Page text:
Melissa T. Music Lessons

News Letter

Saturday, April 6, 2019 by Melissa Chin | Uncategorized

Today marks the end of our first week of the practice competition!

I'd like to congratulate Peyton on having the highest amount of time practiced this week. Keep it up! I am SO proud of the strides you all are making. I can hear the progress in your playing and see it in your confidence.  Also, thank you, parents and caregivers. I know you all play a big part in either reminding them to practice or helping with logging the times in. Just as a reminder, everyone is invited to participate. Adult students, kid students, piano students, vocal students and new students alike.

Remember, there are many ways to practice. You can listen to your assigned song on youtube, play a music-themed game, play older songs you were assigned in the past or reading new material on piano or your favorite genre.

Speaking of new students, we would like to welcome our newest piano student, Taron! *insert round of applause* Welcome to the family.

I look forward to seeing you all this coming week!


More Ways to Practice: Apps and Videos

Tuesday, February 26, 2019 by Melissa Chin | Uncategorized

Hello Students and Parents!

Many of you are just starting to read music on the grand staff and I know it can be tough remembering all those notes. I wanted to take a moment to share some fun apps that you can use to retain and reinforce your music theory throughout the week.

We all love zoning out on our phones and tablets from time to time. Let’s make that time more productive by downloading some of these apps and get to practicing!

  1. Staff Wars
  2. Music Flash Cards
  3. Note Trainer
  4. Note Teacher
  5. Note Racer

Here are some videos on YouTube music teacher approved with varying skill levels:


These are just a few ideas! But the point is to find other ways to incorporate music into your everyday to retain your new knowledge of music. Enjoy!

Your Not-So-Musical Piano Parent: Helping Your Young Musician Practice Piano

Wednesday, October 10, 2018 by Melissa Chin | Uncategorized

I love my piano students! There’s something about a child learning to read and play music that makes my heart beam with pride. The confidence that students develop as they learn to play the piano is amazing. However, on the opposite end of the spectrum, my piano parents are lacking confidence in their ability to help their young musician practice throughout the week.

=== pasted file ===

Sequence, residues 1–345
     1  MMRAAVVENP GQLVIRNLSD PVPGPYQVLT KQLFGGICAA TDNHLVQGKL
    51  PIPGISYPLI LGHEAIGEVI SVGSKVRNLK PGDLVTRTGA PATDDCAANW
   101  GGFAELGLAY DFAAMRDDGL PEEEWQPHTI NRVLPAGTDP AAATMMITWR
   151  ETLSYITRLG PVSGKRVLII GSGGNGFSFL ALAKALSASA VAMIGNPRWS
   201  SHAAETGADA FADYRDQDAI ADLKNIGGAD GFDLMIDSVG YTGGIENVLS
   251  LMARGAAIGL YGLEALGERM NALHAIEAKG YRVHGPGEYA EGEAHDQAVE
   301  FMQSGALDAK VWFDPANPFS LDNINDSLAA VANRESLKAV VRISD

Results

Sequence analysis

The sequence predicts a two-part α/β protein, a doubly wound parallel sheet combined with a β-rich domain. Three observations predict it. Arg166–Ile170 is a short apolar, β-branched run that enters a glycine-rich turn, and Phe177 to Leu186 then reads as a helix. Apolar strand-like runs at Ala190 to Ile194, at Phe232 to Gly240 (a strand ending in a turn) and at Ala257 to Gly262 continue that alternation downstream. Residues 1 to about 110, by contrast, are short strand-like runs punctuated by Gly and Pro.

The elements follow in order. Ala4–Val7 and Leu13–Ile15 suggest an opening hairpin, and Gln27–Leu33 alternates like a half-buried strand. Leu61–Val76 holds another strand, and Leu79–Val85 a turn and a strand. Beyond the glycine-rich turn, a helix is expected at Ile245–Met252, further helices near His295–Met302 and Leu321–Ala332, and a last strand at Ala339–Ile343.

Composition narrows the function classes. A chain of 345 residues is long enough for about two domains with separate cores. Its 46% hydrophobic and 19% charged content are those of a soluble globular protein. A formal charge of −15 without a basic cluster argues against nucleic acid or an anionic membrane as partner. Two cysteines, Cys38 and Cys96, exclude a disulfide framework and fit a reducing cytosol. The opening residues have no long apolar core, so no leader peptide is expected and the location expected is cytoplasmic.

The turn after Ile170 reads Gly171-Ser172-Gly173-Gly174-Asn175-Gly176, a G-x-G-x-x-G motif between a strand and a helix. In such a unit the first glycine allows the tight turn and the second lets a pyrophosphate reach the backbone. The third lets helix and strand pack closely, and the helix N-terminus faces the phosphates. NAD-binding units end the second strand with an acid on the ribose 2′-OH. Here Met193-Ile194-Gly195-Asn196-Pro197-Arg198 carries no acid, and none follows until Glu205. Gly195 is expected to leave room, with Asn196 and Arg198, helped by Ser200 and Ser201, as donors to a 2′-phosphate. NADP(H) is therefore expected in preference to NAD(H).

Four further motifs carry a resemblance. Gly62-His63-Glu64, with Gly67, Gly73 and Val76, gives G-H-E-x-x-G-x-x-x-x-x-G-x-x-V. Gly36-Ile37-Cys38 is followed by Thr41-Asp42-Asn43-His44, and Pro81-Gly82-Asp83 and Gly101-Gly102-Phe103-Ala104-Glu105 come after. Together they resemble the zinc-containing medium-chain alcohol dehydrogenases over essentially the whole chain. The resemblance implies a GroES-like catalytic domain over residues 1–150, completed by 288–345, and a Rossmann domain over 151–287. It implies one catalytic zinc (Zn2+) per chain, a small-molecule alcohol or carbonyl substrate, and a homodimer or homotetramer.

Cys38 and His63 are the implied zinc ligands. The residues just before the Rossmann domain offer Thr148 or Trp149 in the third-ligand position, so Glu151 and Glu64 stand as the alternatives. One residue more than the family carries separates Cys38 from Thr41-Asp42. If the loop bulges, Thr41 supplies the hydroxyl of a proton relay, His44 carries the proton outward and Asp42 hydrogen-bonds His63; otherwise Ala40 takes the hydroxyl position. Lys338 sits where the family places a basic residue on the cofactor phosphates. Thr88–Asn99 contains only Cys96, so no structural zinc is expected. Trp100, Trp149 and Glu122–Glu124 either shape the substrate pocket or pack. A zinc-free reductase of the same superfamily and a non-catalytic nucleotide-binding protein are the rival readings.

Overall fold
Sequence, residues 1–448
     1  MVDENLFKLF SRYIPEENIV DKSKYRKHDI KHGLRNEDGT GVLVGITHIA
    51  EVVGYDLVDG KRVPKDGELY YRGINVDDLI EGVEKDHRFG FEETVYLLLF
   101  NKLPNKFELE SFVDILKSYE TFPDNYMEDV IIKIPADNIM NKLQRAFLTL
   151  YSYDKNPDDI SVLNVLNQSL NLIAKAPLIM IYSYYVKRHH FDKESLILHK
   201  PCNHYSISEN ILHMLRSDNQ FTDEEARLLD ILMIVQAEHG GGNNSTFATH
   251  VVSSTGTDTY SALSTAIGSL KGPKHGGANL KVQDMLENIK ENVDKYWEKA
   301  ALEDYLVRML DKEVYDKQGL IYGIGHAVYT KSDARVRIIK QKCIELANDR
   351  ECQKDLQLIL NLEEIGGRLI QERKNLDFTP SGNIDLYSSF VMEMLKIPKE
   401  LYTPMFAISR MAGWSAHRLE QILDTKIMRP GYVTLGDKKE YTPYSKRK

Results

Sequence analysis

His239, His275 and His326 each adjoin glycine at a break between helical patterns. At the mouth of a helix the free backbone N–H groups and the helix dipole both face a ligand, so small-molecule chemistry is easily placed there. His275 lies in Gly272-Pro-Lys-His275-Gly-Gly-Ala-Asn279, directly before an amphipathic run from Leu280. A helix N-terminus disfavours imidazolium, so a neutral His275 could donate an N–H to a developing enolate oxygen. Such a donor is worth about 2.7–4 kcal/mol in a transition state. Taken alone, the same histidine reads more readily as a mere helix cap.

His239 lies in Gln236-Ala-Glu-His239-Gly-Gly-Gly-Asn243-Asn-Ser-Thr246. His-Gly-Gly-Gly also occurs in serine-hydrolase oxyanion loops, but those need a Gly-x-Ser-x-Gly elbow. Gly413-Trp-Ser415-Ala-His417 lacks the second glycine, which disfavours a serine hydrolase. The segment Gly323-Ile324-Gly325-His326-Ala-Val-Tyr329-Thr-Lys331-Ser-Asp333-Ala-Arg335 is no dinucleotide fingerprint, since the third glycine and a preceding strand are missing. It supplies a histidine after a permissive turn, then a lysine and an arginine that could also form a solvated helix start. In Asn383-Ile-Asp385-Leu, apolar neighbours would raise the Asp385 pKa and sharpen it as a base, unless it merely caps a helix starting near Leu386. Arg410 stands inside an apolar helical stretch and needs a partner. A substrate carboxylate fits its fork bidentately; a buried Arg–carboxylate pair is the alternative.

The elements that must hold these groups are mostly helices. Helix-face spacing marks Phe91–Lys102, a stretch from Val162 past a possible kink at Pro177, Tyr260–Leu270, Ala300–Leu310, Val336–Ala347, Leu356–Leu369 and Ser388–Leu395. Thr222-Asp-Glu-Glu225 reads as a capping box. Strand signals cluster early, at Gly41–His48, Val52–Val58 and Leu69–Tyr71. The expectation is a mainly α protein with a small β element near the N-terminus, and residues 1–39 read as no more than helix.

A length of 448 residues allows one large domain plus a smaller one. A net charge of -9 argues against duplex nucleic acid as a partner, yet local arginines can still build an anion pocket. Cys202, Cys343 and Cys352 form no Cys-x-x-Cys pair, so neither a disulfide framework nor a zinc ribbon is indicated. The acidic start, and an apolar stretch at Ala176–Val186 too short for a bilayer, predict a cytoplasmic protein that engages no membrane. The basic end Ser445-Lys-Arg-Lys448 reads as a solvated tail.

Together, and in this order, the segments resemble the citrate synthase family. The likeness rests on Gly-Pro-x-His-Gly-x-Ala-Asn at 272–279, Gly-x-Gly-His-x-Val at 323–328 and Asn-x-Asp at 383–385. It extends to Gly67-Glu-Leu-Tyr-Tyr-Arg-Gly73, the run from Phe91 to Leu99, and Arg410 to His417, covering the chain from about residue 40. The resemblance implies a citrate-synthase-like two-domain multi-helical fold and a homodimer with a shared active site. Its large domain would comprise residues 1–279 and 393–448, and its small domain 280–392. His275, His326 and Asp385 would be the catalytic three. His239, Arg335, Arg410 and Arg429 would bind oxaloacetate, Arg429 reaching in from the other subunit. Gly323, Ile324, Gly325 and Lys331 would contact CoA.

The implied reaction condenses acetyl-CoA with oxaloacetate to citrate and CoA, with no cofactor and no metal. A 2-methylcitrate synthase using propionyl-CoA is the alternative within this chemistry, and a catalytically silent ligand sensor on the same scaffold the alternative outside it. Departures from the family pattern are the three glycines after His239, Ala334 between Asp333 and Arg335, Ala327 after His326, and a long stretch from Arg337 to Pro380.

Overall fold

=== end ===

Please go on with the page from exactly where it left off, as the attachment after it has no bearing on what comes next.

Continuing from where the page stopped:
Many of the parents say things like “I’m not musical…not one bit!” Particularly when students have progressed to more complex music reading, parents feel inadequate in helping their young musicians practice. Once, a mom came to the lesson and said “I didn’t know what he was supposed to do, so I just told him to go like this.”No doubt, it was wrong, but we all had a good laugh and reviewed the correct way to play the song. These scenarios are not unusual. Many parents want to help their young musician practice but the music is often out the scope of their abilities.

But parents, you can breathe easy! I want to share 4 practical ways you can help your young musician, even though you’re not a musician!

1. Establish A Practice Routine

I know parents are busy. You’re not just a piano parent, you’re a soccer mom, football coach, homeschool teacher, carpooler, and work a full-time job. I’m tired just thinking about it. As busy as you are, it is important to establish a routine for practice time. This way it is a part of your daily rhythm and you will experience less resistance to practice from your young musicians. This is also major for progression in their piano playing.

2. Be Involved In the Piano Lesson

Some parents may choose to observe the entire lesson. For my early beginners (ages 2-4), many parents may even participate in the lesson. However, the older students typically get dropped off and picked up. I recommend during the pick-up time, having the young musician play their newest piece and have them explain to you what they are to practice the coming week. This will help you understand the teacher notes, have an idea of what the song should sound like and you will also get an overview of any new concepts.

3. Ask Questions

Asking questions is a good way to get your young musician’s thinking wheels turning. Try some of these questions:

Which part of the song is the hardest for you? Can you play that part?

What does this symbol mean?

Can you show me how to play that part?

What would this song sound like if you just clapped it?

4. Make It Fun

Practicing piano should never be a punishment. If they are not motivated to sit behind the piano don’t force them. Switch it up a little! Go on YouTube and have them watch another young musician play the same song. Have them go on their student portal and do a worksheet from the resource section. Have them choose a song they’d like to learn the following week.

Here are some other ways to make practice fun:

Change the lyrics to the song to something silly.

Surprise a family member by calling or Face Timing them and have your young musician play the song for them.

Play the song in slow motion or fast forward.

These are just four ways you can help your young musician during practice throughout the week. Hopefully these ideas will inspire and empower you to get more involved in practice during the week. Happy practicing!

To sign up for piano lessons with Melissa T. Music Lessons contact me here.